Furthermore, Sandy Hook Elementary School was given a 4 (out of a possible 4, indicating that there was “Not a problem”) for “Asbestos remediation” in the Connecticut Department of Education’s 2011 school facilities survey:
“To verify Jungle Surfer’s claim, I searched for SHES’s website, http://newtown.k12.ct.us/~sh” pg. 34
Here’s where things really go south: Sandy Hook’s website has not been located at http://newtown.k12.ct.us/~sh since the summer of 2006 (and it would change again in 2011). That’s when the webmaster for the Newtown public school district changed the address of every school’s site, not just Sandy Hook’s. And if you search The Wayback Machine for any of those old addresses, it returns very similar – if not even more extreme – results:
That Newtown changed the addresses for all of their school’s websites is not particularly difficult information to find – which I’ll show you in a moment – and it once again hammer home just how incompetent or deliberately dishonest this book’s researchers really are. They simply cannot be trusted to report the truth to their readers, and this is especially egregious when so much of this book is dedicated to vilifying the mainstream media.
Even though the address for Sandy Hook School is incorrect, the website for all of Newtown’s public schools was in fact http://www.newtown.k12.ct.us back in 2008. And plugging that into the Wayback Machine returns the following results:
The first thing that likely jumps out at you is – with the exception of a single snapshot taken in January of 2010 – a gap that exists between November of 2007 and July of 2011. I’ll explain the reason for this later, but for now, if you take a look at the very last snapshot before the break (taken on November 20th, 2007), you’ll see that the link provided for Sandy Hook Elementary School is http://www.newtown.k12.ct.us/shs:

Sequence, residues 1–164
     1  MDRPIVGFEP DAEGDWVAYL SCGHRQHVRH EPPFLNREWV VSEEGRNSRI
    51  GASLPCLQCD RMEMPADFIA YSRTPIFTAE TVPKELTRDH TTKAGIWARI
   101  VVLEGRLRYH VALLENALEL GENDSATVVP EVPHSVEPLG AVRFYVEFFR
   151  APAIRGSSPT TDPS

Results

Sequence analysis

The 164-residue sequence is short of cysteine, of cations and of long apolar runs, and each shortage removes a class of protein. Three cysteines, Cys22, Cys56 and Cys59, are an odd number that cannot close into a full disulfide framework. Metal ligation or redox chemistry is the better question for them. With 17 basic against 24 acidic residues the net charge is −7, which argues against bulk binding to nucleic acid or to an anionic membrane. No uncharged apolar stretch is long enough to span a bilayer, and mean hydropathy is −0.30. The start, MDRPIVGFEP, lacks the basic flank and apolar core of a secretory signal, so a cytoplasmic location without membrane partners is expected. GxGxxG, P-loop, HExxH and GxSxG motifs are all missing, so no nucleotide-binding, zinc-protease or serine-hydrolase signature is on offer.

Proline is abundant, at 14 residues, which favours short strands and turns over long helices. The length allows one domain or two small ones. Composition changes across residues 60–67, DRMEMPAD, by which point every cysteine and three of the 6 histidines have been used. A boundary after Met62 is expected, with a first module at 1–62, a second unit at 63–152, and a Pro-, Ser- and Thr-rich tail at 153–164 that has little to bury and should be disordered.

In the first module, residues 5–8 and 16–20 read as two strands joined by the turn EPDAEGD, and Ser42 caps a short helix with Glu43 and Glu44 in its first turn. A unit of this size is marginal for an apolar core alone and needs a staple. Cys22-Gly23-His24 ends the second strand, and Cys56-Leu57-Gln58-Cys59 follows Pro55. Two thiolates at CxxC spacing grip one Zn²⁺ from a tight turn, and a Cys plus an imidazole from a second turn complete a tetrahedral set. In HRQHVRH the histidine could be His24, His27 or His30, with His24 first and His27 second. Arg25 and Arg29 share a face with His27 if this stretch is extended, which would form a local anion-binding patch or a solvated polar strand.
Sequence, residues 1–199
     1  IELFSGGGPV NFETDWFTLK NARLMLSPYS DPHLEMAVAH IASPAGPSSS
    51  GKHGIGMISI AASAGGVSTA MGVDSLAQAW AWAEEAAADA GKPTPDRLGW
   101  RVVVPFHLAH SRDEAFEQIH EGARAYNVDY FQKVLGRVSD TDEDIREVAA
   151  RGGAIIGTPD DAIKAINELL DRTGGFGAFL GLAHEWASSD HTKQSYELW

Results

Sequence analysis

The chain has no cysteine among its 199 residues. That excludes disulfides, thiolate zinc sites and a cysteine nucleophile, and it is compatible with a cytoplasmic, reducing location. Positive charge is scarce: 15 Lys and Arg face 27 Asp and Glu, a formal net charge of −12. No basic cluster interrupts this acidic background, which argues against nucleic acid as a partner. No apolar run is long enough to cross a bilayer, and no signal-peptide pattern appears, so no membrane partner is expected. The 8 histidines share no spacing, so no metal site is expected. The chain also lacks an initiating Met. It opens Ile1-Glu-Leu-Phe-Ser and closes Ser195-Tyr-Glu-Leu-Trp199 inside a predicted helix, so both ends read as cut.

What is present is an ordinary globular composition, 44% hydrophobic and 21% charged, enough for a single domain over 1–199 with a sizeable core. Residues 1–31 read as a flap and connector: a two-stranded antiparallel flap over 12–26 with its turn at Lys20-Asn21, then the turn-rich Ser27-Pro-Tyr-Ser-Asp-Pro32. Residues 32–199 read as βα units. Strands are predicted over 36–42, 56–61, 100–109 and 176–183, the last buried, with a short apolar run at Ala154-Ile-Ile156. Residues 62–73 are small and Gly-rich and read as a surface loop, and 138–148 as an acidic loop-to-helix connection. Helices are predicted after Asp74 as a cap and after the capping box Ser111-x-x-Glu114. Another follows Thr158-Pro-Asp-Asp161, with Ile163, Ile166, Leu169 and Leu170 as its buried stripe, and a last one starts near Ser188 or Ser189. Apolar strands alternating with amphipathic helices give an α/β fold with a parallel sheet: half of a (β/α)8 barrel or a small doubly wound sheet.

This address is corroborated by the earliest edition of “The Sandy Hook Connection” (Sandy Hook’s official newsletter) that I was able to find, which is dated January 8th, 2009:
When you enter that address – the correct address – into the Wayback Machine, you got the following results:
This narrows the gap considerably, whittling it down to April of 2008 (April? Do these goons think they closed the school with two months left in the school year?) through October of 2010, or a full year and a half shy of the original claim of four full years. But even taking into consideration the inconsistent nature of the Wayback Machine, two and a half years still seems like kind of a long time between snapshots. So what gives? As is usually the case with these things, there’s actually a very simple, technical explanation. From The Wayback Machine’s FAQ:
How can I have my site’s pages excluded from the Wayback Machine?